Prologue to Research
As we all set out on our field research to diverse corners of the globe, I have been thinking about what aspects I am drawn to and what, on an individual level, I hope to observe over the course of my journey.
Two things have stood out to me in my preparations - partnerships and measurement.
On partnerships, I owe this project and opportunity through Generations For Peace's partnership with Georgetown and their generosity. This type of partnership between academics and practitioners is particularly interesting to me, as I believe there is even greater potential for academia and peacebuilding organizations to collaborate in the future. Graduate students can gain much needed research experience and hands-on learning partnering with organizations, while organizations seek to fill a gap in knowledge and improve best practices through more rigorous research and evaluation. I've had the privilege of exploring this partnership firsthand with Dance 4 Peace in DC and now with PeacePlayers International as the host for several of my summer research sites. I believe that sports and peacebuilding programs have the capacity to lead the waybin innovative partnerships and a new culture of sharing and dialogue in the field. Why S&P programs? Even though competitiveness is implicit in sport, so is teamwork. In order to achieve their goals of promoting peace, often in deeply divided communities, these programs must embody their mission of collaboration and cooperation, not just in their curriculum but in their relationships with the wider field.
As such, my preliminary musings, leave me with some questions to explore further: How are partnerships with academic institutions, other organizations, donors, etc. being leveraged currently? What new types of partnerships could benefit these organizations based on their needs and the needs of the communities they work in? How can we alter the competitive culture of non-profit work to promote more collaboration?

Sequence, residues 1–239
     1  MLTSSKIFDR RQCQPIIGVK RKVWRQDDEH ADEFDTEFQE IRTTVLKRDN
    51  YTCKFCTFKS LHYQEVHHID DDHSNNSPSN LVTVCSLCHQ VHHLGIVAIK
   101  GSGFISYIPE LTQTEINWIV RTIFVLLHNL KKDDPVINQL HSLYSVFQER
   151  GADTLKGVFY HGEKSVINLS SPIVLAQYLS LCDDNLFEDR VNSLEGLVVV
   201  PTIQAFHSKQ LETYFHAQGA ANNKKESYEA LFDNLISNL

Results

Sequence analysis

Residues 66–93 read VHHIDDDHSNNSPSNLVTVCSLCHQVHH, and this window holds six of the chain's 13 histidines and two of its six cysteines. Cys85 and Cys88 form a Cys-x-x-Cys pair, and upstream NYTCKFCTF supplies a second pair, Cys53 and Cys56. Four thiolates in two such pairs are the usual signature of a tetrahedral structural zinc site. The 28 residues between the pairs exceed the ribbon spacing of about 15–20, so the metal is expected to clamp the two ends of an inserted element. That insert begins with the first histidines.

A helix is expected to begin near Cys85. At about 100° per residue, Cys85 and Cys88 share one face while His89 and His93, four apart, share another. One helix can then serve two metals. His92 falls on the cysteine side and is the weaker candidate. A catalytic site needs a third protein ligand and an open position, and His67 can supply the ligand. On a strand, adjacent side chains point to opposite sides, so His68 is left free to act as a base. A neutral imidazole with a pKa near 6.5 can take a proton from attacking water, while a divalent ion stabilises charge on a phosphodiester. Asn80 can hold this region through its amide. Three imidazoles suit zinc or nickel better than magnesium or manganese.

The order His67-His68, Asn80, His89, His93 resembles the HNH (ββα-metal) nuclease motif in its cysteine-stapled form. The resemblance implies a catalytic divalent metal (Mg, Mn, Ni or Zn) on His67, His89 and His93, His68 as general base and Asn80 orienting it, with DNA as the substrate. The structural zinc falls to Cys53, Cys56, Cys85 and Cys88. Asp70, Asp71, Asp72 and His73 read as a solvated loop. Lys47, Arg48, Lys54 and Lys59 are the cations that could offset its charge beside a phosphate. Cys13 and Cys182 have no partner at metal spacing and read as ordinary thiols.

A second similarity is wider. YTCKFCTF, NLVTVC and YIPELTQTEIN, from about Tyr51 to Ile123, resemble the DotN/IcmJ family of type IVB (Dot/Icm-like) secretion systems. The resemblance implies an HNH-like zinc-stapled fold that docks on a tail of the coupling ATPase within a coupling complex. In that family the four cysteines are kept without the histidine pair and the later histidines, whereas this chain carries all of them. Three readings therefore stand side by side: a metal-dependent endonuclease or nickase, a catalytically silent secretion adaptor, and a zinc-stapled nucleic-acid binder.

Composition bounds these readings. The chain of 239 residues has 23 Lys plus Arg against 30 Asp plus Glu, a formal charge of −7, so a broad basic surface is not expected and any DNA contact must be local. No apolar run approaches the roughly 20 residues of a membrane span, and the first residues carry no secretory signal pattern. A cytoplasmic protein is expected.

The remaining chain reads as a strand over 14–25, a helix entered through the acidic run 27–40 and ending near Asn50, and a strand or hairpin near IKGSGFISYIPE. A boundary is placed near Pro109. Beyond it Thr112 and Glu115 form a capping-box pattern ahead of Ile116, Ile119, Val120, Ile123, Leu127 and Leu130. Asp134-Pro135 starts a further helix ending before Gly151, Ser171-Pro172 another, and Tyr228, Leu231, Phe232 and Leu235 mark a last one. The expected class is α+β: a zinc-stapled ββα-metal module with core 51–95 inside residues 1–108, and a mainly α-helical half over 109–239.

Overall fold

Measurement is a whole other puzzle, though, the two are undoubtedly intwined. Coming out of my resent work and research on monitoring and evaluation, I have more questions than answers when it comes to how best to measure peacebuilding. In the field, I hope to observe not only how M&E is currently being carried out at the different sites, but uncover ways that existing models can be amalgamated and new models integrated to create more effective practices. By asking practitioners what challenges they face in conducting and analyzing M&E, I hope to have a more comprehensive understanding of the remaining gaps in this area. I imagine that many of the challenges include capturing the anecdotal evidence, pairing that with quantitative data when appropriate, and longitudinal evaluation. In regards to M&E, the partnerships discussed before will be extremely instrumental in reaching higher levels of achievement. And, again, the field of sport and peacebuilding has the opportunity to impact the wider peacebuilding field with innovative practices.
I set out for this research with a blank notebook and many questions. Through observation and listening, I hope to fill the notebook and find my own measurements. Through dialogue and partnerships, the answers and new models will come.
And so the journey begins....